C. Taxation and Forced Commercial Speech
Another important holding in Johanns was the Court's rejection of the producers' challenge of the targeted tax assessments used to finance the checkoff advertising. The dissent argued against this part of the opinion, suggesting that because the assessments were targeted to a specific group of taxpayers, and not taxpayers in general, the democratic check on government speech inherent in the Government Speech Doctrine was weak, and thus the Doctrine should not apply. (90) The Court held that because the speech was the government's own, the producers had no more basis for a challenge even "when the funding is achieved through targeted assessments devoted exclusively to the program to which the assessed citizen objects." (91) Therefore, it seemed that at least a plurality of the Court was of the opinion that the method of assessment bore absolutely no effect upon the ability to mount a successful First Amendment challenge. This gave a great amount of latitude to Congress to legislate forced commercial speech programs that constitutionally place the onus of compelled funding on whichever targeted subset of citizens it decides appropriate.
IV. RECOMMENDATIONS: ELIMINATING UNCERTAINTY AND LIMITING THE GOVERNMENT SPEECH DOCTRINE
A. The Supreme Court Should Explicitly Overrule the Glickman Precedent
In order to piece together a slim majority in United Foods, (92) the Court avoided overturning Glickman and instead distinguished it on the facts. The regulatory program at issue was not found to be the large and intrusive type that was at issue in Glickman, and thus that precedent was not controlling. In the interest of eliminating uncertainty, and removing a dangerous incentive for Congress to create intrusive economic programs including forced commercial speech, the Court should explicitly overrule Glickman. The portion of Glickman that survived United Foods and Johanns is the First Amendment exception for "generic advertising [that is] ... part of a broader collective enterprise" or intrusive "regulatory scheme." (93) For the reasons outlined below, this distinction should be overturned.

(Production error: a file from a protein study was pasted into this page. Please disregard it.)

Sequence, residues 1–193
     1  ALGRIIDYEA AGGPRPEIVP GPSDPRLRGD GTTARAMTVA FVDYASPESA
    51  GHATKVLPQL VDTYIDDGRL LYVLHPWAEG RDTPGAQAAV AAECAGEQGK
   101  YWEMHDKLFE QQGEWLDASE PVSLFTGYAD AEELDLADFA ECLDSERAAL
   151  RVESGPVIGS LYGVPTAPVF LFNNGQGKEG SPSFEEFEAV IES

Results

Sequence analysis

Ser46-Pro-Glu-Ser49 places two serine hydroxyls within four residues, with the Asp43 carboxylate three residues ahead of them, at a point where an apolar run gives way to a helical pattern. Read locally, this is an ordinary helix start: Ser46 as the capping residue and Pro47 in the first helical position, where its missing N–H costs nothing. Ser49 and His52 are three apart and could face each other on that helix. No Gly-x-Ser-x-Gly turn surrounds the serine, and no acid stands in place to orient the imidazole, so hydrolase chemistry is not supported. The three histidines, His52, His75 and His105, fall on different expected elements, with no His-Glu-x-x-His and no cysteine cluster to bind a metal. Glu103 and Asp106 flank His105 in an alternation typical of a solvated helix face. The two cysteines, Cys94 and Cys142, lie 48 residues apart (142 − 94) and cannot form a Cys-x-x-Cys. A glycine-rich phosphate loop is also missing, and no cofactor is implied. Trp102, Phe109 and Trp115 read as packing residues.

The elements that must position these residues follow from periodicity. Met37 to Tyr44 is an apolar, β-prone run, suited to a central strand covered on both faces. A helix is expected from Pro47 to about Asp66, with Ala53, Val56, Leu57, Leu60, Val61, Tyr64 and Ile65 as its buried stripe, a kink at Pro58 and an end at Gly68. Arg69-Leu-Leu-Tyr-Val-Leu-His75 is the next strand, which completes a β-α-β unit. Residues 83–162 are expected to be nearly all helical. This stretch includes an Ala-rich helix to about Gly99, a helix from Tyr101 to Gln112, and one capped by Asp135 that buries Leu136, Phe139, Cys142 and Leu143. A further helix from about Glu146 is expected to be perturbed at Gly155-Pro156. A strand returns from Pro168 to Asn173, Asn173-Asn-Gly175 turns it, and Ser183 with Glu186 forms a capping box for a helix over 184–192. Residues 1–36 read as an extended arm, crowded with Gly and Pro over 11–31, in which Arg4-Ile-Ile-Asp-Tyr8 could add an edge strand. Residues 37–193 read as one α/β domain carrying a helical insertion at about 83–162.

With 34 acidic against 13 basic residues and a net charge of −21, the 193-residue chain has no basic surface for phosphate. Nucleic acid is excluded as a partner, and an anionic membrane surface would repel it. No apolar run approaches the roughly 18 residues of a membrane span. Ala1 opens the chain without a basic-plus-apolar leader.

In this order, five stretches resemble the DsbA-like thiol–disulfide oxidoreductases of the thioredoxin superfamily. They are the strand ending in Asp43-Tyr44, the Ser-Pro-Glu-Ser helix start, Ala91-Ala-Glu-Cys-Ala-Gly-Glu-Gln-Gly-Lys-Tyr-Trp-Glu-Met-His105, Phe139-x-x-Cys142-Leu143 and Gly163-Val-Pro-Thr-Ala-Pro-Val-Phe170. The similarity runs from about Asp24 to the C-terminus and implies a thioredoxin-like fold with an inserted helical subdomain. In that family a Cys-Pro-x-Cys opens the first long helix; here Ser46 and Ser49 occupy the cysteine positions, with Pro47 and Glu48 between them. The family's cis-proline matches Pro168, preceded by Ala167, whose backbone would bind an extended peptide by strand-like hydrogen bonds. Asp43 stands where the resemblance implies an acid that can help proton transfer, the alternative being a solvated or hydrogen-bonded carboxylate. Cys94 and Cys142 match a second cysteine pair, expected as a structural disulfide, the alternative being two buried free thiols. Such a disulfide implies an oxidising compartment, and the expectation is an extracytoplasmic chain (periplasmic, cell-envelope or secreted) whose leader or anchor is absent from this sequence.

1. The Glickman Distinction is Blurry, Easily Manipulated, and Difficult to Apply
Glickman holds that only intrusive regulatory schemes are exempt from First Amendment challenges. What Glickman fails to provide, however, is any meaningful and consistent way for future courts to make this distinction, or even why this distinction should be made. Within their wide discretion, district courts could properly decide to analyze this distinction with any number of possible comparison characteristics, including: percentage of forced contributions spent on advertising; number of participants in the program as a percentage of the entire market; a comparison of the essential functions of the entire legislative program, etc.
A less than scrupulous lower court could use this wide array of discretion to make a factual determination on the intrusiveness of the regulatory scheme suitable to that court's own preferences but which has little to do with prudent, sound judicial precedent. Whenever lower courts are forced, or even allowed, to make this sort of ad hoe judicial determination, an unacceptable and wholly preventable amount of uncertainty and contempt for the judicial system could arise. By overruling Glickman, the Court could eliminate this large judicial loophole and provide lower courts with other sound and determinative precedent on which to rely.
2. Glickman Provides Congress with a Dangerous Incentive to Over-Regulate
Congress is now on judicial notice from Glickman that one way to ensure that forced commercial speech regulatory schemes survive a First Amendment challenge is to make the program more intrusive and offensive to our capitalist economy. Most eloquently stated by Justice Breyer's dissent in United Foods, "[i]t is difficult to see why a Constitution that seeks to protect individual freedom would consider the absence of 'heavy regulation' to amount to a special, determinative reason" to strike down a program as contrary to the First Amendment. (94) Justice Breyer was quite right when he expressed his frustration and distaste for a precedent that upholds more intrusive and anti-capitalist regulatory programs and forbids the alternative.
At the very least, Congress should be given incentive to cut back on the intrusiveness of free-market-displacing regulatory schemes. Explicitly overruling Glickman will do just that. In most cases, the best manifestation of a regulatory program that seeks to force contributions for commercial speech is none at all, but in the absence of that, programs should be narrowly tailored so as to least offend our nation's capitalist and individualist traditional values. Fortunately, the Court, since Gliclonan, has yet to base its decision to uphold a forced commercial speech regulatory program on Glickman, but this provides little or no comfort for those seeking to protect free speech, free enterprise, and capitalism.
3. Perversely, the Glickman Precedent Increases the Burden on Those Involved in Regulatory Programs